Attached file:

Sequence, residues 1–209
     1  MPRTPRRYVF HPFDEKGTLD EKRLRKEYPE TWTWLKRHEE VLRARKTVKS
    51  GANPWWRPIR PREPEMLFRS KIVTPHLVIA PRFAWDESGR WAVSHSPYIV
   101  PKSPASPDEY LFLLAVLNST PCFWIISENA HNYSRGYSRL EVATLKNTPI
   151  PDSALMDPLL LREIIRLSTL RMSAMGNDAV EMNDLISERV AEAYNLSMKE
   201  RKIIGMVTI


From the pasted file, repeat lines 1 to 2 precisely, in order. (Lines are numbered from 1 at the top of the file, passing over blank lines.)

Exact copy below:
Sequence, residues 1–209
     1  MPRTPRRYVF HPFDEKGTLD EKRLRKEYPE TWTWLKRHEE VLRARKTVKS